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'''Emo''', shortened for '''Emotional Hardcore''', emerged in the 1980s as a form of [[Post-Hardcore]] in Washington, D.C. There are three "waves" of emo, first wave, second wave and third wave emo.
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'''Emo''', shortened for '''Emotional Hardcore''', emerged in the 1980s as a form of [[Post-Hardcore]] in Washington, D.C. There are four "waves" of emo: first wave, second wave, third wave, and fourth wave emo.
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== First wave ==
 
== First wave ==
   
The first wave of Emo was born right out of Washington D.C.'s hardcore-punk scene of the '80s with bands like [[Rites of Spring]] and [[Embrace]] being best known for kick starting the genre.
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The first wave of Emo was born right out of Washington D.C.'s hardcore-punk scene of the '80s with bands like [[Rites of Spring]] and [[Embrace]] being best known for kick-starting the genre.
   
 
== Second wave ==
 
== Second wave ==
The second wave of Emo, often called Midwest Emo for it's geographic location, occurred in the '90s with bands like [[Sunny Day Real Estate]], [[American Football]], [[The Get Up Kids]] and [[Cap'n Jazz]]. Second-wave emo is considered to be a less raw version of what first-wave is.
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The second wave of Emo, often called Midwest Emo for its geographic location, occurred in the '90s with bands like [[Sunny Day Real Estate]], [[American Football]], [[The Get Up Kids]] and [[Cap'n Jazz]]. Second-wave emo is considered to be a less raw version of what first-wave is.
   
 
== Third wave ==
 
== Third wave ==
 
The third wave of Emo started in the early 2000s where elements of [[Pop-punk]] became influential to the sound of Emo. Bands popular during this time were [[Hawthorne Heights]], [[Taking Back Sunday]] and [[Fall Out Boy]].
 
The third wave of Emo started in the early 2000s where elements of [[Pop-punk]] became influential to the sound of Emo. Bands popular during this time were [[Hawthorne Heights]], [[Taking Back Sunday]] and [[Fall Out Boy]].
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[[Category:Genres]]
 
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== Fourth wave ==
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Fourth wave emo is referred to as the "emo revival," starting from the early 2010s. While a fine blend of second and third wave, the most recent wave has been heavily inspired by indie as well as American Football. Good examples of this genre would be Modern Baseball, Joyce Manor, Tiny Moving Parts, Mom Jeans, Jank, and Remo Drive.[[Category:Genres]]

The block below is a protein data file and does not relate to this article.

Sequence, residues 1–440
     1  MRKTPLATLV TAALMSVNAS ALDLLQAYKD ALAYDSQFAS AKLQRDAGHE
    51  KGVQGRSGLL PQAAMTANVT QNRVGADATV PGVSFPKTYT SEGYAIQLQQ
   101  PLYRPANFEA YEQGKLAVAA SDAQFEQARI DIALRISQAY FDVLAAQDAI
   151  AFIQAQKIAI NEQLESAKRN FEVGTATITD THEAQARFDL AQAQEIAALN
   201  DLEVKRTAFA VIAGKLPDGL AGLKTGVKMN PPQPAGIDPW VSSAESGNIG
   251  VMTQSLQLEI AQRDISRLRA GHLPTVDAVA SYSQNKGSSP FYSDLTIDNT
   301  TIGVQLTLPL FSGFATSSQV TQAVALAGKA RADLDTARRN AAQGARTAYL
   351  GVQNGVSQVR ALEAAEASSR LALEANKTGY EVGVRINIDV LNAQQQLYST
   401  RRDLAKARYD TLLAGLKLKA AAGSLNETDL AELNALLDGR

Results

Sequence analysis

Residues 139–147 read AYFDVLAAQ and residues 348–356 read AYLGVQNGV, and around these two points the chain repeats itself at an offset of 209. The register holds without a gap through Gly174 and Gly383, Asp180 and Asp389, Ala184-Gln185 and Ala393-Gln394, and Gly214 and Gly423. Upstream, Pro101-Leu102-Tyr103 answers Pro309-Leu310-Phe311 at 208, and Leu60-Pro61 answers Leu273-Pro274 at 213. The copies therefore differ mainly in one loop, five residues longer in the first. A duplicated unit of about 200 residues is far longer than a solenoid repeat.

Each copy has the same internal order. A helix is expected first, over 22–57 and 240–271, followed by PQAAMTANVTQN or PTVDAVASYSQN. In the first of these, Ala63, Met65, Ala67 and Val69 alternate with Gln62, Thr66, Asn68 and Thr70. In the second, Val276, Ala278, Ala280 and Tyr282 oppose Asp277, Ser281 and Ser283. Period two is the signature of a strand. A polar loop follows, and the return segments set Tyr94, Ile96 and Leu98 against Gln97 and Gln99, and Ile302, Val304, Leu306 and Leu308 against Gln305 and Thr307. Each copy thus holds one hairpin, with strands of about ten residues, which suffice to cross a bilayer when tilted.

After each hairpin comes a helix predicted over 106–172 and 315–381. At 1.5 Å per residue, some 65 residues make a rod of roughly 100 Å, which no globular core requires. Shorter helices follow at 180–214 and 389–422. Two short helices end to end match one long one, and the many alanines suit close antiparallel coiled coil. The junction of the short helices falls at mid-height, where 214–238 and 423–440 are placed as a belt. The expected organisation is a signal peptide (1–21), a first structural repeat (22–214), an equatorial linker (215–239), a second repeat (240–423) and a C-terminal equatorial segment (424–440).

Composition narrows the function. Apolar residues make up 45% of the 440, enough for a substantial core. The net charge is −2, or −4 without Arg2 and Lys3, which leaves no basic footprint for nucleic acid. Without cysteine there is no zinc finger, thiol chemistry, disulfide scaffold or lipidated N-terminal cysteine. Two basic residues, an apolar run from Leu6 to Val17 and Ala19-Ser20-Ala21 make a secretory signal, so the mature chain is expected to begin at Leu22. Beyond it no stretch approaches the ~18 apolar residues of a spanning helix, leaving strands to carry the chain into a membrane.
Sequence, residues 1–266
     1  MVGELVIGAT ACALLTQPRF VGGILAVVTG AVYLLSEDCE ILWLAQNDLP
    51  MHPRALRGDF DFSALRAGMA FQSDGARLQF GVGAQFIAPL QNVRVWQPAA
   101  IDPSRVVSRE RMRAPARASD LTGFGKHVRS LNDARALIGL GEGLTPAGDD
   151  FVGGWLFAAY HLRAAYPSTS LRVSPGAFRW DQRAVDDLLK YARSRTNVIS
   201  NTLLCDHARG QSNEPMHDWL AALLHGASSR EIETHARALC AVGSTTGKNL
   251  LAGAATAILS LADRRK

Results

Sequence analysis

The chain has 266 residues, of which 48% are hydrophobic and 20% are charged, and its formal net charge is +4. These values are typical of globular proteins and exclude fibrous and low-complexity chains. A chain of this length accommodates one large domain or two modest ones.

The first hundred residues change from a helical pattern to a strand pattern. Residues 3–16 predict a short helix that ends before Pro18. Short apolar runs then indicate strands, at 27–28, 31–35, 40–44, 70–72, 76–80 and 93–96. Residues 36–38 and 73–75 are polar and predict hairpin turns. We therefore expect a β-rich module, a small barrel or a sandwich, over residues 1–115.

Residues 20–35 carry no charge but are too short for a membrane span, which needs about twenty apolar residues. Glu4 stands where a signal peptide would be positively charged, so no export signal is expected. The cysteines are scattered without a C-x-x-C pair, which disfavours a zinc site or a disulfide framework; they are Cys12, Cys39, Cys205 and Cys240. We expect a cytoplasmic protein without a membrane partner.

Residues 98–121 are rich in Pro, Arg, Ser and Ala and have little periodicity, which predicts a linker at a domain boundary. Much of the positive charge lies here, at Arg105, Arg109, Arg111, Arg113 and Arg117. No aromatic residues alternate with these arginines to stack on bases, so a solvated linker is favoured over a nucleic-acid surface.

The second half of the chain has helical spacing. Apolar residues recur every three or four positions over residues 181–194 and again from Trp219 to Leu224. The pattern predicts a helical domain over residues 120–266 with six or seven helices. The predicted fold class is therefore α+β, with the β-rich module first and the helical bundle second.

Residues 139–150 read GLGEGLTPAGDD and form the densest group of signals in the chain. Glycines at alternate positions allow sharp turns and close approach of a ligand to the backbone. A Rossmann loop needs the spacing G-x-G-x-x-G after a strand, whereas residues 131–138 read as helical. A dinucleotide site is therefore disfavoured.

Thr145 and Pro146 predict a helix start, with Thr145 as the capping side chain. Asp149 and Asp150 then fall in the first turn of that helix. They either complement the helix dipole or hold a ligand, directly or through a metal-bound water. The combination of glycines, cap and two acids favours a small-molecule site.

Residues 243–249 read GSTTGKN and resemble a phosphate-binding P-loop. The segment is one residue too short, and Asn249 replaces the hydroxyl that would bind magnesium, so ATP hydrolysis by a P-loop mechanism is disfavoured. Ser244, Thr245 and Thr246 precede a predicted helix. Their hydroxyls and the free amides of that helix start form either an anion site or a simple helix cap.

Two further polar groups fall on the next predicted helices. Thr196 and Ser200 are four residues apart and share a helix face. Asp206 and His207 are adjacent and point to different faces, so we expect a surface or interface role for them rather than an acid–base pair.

[[Category:Emo]]
 
[[Category:Emo]]

Latest revision as of 23:45, 27 July 2021

Emo, shortened for Emotional Hardcore, emerged in the 1980s as a form of Post-Hardcore in Washington, D.C. There are four "waves" of emo: first wave, second wave, third wave, and fourth wave emo.


First wave[]

The first wave of Emo was born right out of Washington D.C.'s hardcore-punk scene of the '80s with bands like Rites of Spring and Embrace being best known for kick-starting the genre.

Second wave[]

The second wave of Emo, often called Midwest Emo for its geographic location, occurred in the '90s with bands like Sunny Day Real Estate, American Football, The Get Up Kids and Cap'n Jazz. Second-wave emo is considered to be a less raw version of what first-wave is.

Third wave[]

The third wave of Emo started in the early 2000s where elements of Pop-punk became influential to the sound of Emo. Bands popular during this time were Hawthorne Heights, Taking Back Sunday and Fall Out Boy.

Fourth wave[]

Fourth wave emo is referred to as the "emo revival," starting from the early 2010s. While a fine blend of second and third wave, the most recent wave has been heavily inspired by indie as well as American Football. Good examples of this genre would be Modern Baseball, Joyce Manor, Tiny Moving Parts, Mom Jeans, Jank, and Remo Drive.